. Hours after the government was approved by the Italian president, Sergio Mattarella, Salvini said: “Open doors in Italy for good people and a one-way ticket for those who come to Italy to create commotion and think they will be taken care of. ‘Send them home’ will be one of our top priorities.” He previosly campaigned on a pledge to deport about 500,000 migrants living illegally in Italy. However it’s appreciated that Italy did not have the resources or legal flexibility to pursue costly mass deportations. Under current rules, every migrant who is deported by plane must be escorted by two Italian agents, at an estimated cost of €3,000 (£2,600) per migrant.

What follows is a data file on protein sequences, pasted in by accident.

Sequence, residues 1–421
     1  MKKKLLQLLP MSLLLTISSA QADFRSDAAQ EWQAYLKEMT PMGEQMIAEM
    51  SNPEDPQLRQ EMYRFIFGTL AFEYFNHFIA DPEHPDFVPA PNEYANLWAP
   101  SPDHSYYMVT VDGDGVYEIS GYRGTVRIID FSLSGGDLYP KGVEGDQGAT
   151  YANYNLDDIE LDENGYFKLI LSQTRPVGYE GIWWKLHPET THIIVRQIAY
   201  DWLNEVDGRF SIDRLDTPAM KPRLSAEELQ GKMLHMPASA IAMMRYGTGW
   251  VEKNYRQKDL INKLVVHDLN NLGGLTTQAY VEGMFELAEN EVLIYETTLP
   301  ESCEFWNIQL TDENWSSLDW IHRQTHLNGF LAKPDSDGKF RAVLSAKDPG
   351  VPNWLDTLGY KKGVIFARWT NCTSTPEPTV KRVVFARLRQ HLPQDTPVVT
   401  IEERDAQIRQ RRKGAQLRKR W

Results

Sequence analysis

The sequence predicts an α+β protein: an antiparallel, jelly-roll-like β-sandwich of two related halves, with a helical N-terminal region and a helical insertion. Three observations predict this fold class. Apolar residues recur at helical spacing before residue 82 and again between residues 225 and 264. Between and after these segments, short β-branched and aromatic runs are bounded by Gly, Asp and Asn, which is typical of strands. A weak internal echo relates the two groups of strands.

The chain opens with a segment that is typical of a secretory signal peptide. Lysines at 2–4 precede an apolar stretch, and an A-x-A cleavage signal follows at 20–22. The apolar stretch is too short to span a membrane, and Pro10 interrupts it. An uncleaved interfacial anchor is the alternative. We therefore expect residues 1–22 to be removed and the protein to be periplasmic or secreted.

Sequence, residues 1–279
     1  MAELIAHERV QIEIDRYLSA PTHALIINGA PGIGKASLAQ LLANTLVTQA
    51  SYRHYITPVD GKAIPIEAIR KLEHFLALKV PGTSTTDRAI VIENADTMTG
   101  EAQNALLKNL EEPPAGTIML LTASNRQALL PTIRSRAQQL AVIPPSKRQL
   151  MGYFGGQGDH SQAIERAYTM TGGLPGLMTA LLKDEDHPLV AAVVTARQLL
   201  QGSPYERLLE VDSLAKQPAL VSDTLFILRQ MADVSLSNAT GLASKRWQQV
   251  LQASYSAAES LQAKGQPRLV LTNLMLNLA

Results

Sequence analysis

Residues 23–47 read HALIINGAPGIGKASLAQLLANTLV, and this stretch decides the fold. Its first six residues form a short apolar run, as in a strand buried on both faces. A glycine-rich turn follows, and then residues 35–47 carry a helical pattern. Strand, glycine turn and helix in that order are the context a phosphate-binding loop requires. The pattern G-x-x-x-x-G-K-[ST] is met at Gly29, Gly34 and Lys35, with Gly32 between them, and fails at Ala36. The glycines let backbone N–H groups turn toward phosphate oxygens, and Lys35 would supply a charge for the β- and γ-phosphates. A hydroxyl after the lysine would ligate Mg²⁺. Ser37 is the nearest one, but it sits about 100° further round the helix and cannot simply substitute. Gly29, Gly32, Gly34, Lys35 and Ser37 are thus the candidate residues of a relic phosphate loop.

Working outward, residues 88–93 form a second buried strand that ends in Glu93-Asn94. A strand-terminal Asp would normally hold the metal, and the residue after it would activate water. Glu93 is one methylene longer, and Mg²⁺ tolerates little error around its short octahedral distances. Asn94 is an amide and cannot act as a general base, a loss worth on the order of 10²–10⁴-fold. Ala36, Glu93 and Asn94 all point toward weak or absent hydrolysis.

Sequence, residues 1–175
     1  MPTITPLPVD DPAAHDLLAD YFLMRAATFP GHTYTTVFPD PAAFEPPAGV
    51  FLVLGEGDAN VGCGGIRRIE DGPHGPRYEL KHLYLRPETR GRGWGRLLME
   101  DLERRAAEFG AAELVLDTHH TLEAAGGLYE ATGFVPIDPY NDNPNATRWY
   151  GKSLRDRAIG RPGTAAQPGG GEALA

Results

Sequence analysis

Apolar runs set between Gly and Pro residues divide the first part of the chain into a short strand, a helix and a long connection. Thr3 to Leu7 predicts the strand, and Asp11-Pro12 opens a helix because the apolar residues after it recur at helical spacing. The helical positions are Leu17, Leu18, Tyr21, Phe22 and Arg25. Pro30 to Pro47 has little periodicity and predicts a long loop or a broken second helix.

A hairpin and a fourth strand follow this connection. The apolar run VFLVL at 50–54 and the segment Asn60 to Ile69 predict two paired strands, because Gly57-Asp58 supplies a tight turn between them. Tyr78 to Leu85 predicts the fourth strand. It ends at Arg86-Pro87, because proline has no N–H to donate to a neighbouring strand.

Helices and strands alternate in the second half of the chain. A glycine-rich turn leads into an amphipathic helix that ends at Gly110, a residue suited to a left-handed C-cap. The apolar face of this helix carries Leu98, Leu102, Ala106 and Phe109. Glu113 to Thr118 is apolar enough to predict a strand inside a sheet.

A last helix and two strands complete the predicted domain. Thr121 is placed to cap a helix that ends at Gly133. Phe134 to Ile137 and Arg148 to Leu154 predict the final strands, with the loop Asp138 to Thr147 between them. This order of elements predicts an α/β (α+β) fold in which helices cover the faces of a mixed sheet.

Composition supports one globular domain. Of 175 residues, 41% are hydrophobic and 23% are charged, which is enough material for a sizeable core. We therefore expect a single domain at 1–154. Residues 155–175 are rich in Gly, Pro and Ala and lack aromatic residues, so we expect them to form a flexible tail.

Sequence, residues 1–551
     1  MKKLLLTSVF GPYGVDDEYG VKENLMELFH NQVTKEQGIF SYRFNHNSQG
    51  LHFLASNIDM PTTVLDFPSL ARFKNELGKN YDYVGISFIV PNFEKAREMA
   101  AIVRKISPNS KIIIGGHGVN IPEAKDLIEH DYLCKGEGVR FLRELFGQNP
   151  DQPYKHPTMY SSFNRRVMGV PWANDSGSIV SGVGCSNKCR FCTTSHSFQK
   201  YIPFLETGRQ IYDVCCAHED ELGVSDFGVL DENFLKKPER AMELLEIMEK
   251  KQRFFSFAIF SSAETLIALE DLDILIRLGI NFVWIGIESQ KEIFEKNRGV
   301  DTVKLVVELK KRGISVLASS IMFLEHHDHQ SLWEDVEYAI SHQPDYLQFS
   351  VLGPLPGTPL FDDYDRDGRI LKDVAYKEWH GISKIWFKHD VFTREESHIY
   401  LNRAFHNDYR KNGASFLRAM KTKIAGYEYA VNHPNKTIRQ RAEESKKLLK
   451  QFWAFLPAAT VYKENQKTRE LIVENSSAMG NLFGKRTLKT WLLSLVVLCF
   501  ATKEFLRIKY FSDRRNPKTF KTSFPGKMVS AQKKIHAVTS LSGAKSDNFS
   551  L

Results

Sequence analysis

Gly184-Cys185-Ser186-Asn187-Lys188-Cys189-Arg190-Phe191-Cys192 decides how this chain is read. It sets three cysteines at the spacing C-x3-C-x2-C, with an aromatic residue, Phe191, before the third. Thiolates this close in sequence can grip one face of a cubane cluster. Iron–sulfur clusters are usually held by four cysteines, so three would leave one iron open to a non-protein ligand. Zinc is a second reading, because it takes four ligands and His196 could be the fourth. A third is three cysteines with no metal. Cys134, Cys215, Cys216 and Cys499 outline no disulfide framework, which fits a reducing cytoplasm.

Calogero Santoro who is the head of Girasoli, a non-profit organisation that promotes the integration of migrants and refugees in local communities in Sicily, said: “Fake news about migrants have spread all over Italy during the last campaign. My concern is the future of asylum seekers, people who are eligible for a refugee status. What will happen to them under [Salvini’s] League?” Migration experts are also worried by the possibility that Salvini could reduce funding for reception centres which have already been criticised by human right groups for poor conditions.